Somewhat on a whim, I went to Willcox this morning, Wednesday 27th. A Short-billed Dowitcher had been reported on Sunday 24th and was seen yesterday. I was hesitant to make such a trip, ~90 miles each way, but knew that if I want to reach 400 species by the end of the year I needed to go! I arrived at Lake Cochise at 08:23. There were a fair number of shorebirds on the main lake, most obvious were the larger one like Long-billed Curlew, American Avocet, & Black-necked Stilt. My routine here is to make one pass around the lake to get most of the species and then make a second pass to count individuals & look for the more subtle species. On my first pass, I flush the Short-billed Dowitcher and was able to get a flight shot. This dowitcher lands along the east shore so I’ll have another opportunity. Once I get around to where it landed, I find two dowitchers with the second one being a Long-billed Dowitcher. I didn’t recall a second dowitcher being reported and dowitchers usually don’t go unnoticed, so I guess there has been at least a small influx of shorebirds since yesterday. I take several more photographs of the dowitchers and move on searching for something else new. In spite of my influx prediction, I don’t find any more species of shorebirds on this or my second pass around the lake. In all, I found eleven species of shorebirds on the main lake. One of those was a new species for the year! Before leaving I stop at the golf course pond, still hoping for that Forster’s Tern from yesterday. No tern, but I did hear and see two family groups of Tropical Kingbirds. As I am driving out, after calculating the duration of my eBird checklist I see several large shorebirds at one of the temporary pools within the Border Patrol’s fenced area. At first I see four Greater Yellowlegs and then three more with a similar but smaller shorebird. It’s a Stilt Sandpiper, my second year bird of the day. This adds a bit of sweetness to an already successful day!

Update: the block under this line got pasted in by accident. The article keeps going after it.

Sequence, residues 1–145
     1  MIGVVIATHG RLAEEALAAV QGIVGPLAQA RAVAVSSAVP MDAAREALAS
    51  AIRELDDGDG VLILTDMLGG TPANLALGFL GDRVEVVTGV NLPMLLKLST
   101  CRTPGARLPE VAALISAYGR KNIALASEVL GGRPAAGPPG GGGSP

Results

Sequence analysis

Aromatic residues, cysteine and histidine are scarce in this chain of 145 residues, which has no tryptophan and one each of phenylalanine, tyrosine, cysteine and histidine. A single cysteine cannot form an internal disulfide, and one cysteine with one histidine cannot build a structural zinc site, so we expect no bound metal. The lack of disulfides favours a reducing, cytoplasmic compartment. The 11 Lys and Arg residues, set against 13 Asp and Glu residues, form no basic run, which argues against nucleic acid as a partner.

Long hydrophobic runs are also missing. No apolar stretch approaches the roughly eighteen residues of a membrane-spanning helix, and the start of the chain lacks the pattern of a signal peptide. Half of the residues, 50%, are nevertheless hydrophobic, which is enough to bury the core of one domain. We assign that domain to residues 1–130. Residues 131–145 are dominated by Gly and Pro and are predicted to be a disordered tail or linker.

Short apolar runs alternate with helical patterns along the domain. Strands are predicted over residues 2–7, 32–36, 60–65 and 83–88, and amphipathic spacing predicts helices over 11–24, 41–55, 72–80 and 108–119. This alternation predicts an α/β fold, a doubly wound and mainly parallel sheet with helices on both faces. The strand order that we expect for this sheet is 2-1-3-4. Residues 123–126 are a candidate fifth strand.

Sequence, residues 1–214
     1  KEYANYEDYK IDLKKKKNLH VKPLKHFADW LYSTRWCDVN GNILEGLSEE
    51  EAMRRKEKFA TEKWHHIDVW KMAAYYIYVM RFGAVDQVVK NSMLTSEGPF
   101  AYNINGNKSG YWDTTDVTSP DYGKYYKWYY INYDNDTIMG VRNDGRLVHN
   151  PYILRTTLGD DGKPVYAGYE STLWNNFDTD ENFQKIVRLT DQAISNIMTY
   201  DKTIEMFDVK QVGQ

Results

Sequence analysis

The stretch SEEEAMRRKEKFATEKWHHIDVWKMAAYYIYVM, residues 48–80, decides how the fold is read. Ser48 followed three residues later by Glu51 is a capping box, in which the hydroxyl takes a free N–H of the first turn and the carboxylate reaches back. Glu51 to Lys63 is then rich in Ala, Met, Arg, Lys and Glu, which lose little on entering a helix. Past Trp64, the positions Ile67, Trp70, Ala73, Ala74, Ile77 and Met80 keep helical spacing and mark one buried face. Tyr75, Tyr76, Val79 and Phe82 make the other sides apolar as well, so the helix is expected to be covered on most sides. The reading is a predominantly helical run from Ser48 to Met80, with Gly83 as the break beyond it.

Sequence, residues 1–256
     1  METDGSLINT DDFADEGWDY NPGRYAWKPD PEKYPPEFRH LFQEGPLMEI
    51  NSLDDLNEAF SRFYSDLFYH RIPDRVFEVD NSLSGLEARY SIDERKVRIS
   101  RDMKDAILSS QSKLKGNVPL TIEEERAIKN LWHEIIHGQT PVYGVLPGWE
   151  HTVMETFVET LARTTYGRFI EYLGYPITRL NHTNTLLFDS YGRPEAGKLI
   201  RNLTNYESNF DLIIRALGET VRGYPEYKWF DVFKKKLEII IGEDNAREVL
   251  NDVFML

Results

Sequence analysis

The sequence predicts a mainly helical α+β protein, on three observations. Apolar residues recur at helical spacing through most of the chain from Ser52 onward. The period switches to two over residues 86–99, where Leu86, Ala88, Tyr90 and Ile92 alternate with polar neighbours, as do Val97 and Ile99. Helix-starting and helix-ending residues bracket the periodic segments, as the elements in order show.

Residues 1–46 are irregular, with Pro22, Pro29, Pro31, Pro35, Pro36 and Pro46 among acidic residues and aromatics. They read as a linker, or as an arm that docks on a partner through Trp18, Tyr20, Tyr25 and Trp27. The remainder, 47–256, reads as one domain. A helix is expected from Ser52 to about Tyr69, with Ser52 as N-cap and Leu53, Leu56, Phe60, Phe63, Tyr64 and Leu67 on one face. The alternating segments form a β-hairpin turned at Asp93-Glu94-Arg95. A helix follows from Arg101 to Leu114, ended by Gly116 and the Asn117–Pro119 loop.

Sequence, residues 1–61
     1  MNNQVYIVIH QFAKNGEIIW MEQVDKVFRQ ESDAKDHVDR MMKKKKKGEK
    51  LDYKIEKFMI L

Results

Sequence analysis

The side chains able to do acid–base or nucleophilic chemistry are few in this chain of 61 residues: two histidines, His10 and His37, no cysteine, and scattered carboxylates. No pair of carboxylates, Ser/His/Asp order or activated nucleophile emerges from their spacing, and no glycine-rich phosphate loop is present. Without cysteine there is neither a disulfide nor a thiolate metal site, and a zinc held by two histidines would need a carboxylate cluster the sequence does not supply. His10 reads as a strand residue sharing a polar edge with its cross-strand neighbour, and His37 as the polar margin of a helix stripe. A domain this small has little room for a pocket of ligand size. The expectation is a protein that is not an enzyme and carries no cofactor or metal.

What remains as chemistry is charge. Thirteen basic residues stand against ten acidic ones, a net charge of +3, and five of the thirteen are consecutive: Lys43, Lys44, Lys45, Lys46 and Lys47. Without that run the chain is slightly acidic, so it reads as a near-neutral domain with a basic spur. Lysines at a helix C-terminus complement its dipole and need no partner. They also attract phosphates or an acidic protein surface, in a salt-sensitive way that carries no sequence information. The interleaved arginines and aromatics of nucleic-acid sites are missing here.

On Friday 29th, I guided Allison & Bryan from Green Valley to Madera Canyon. In Green Valley one of the Harris’s Hawk perched out on a light post for an extended period of time. In the grasslands below Madera Canyon we heard several Scaled Quail, saw ten (at least) Botteri’s Sparrow several of which were feeding juveniles, and a very out of place Yellow-headed Blackbird. Along Proctor Road trail we saw two adult Yellow-billed Cuckoos, both were carrying food but we were unable to determine where the nest or youngsters were. The Santa Rita Lodge continues to host many hummingbirds including two Plain-capped Starthroats and one White-eared Hummingbird. Perhaps nearly as unusual for the specific location was a Common Ground-Dove briefly at the water feature Gray Hawk and the two Starthroats below the Madera Picnic area, Allison got photos of the Starthroats together. On our hike up the Carrie Nation Trail, we found two adult male Elegant Trogons nearby each other and barking. One of these birds looked rather ratty and was very much in molt. I do not recall ever seeing an adult trogon in such condition.
On Sunday 31st, Louise & I took a hike up the Carrie Nation Mine Trail. It was a wonderful hike; highlighted bird-wise by seeing the molting Elegant Trogon and hearing at least six Pygmy Nuthatches. On Monday 1st I resumed my futile search for Forster’s Tern. Though not finding any terns I was pleased to see 37 (counted) Black-bellied Whistling-Ducks at the Amado Pond including 7 juveniles. And any day seeing an Osprey is a good day, particularly when it is flying over the Green Valley WWTP. On Tuesday 2nd I temporarily suspended my search for terns and walked the De Anza Trail from Tubac to Clark Crossing to search for land or tree based migrants.
The year list stands at 383 leaving only seventeen species to go to reach my self-proclaimed goal of 400. Only seventeen! This isn’t going to be easy but it is doable.